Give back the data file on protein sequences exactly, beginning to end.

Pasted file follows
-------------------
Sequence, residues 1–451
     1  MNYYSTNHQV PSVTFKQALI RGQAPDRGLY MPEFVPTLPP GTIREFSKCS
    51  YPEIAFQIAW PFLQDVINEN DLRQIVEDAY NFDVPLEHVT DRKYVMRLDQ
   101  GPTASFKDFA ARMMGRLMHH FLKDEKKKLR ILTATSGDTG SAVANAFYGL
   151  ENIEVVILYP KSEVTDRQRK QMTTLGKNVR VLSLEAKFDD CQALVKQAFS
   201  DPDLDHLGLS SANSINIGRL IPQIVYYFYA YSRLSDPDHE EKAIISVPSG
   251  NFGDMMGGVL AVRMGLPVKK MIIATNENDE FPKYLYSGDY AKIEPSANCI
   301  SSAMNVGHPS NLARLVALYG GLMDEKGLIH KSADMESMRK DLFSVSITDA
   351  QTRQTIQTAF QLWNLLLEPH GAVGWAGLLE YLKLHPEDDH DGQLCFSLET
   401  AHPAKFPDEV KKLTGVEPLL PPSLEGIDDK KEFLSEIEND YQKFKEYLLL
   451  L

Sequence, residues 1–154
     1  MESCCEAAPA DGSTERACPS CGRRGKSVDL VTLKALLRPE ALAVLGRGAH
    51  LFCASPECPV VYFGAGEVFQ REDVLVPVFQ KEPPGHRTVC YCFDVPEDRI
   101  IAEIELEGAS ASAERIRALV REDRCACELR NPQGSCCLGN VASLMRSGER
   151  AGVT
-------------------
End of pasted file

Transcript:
Sequence, residues 1–451
     1  MNYYSTNHQV PSVTFKQALI RGQAPDRGLY MPEFVPTLPP GTIREFSKCS
    51  YPEIAFQIAW PFLQDVINEN DLRQIVEDAY NFDVPLEHVT DRKYVMRLDQ
   101  GPTASFKDFA ARMMGRLMHH FLKDEKKKLR ILTATSGDTG SAVANAFYGL
   151  ENIEVVILYP KSEVTDRQRK QMTTLGKNVR VLSLEAKFDD CQALVKQAFS
   201  DPDLDHLGLS SANSINIGRL IPQIVYYFYA YSRLSDPDHE EKAIISVPSG
   251  NFGDMMGGVL AVRMGLPVKK MIIATNENDE FPKYLYSGDY AKIEPSANCI
   301  SSAMNVGHPS NLARLVALYG GLMDEKGLIH KSADMESMRK DLFSVSITDA
   351  QTRQTIQTAF QLWNLLLEPH GAVGWAGLLE YLKLHPEDDH DGQLCFSLET
   401  AHPAKFPDEV KKLTGVEPLL PPSLEGIDDK KEFLSEIEND YQKFKEYLLL
   451  L

Sequence, residues 1–154
     1  MESCCEAAPA DGSTERACPS CGRRGKSVDL VTLKALLRPE ALAVLGRGAH
    51  LFCASPECPV VYFGAGEVFQ REDVLVPVFQ KEPPGHRTVC YCFDVPEDRI
   101  IAEIELEGAS ASAERIRALV REDRCACELR NPQGSCCLGN VASLMRSGER
   151  AGVT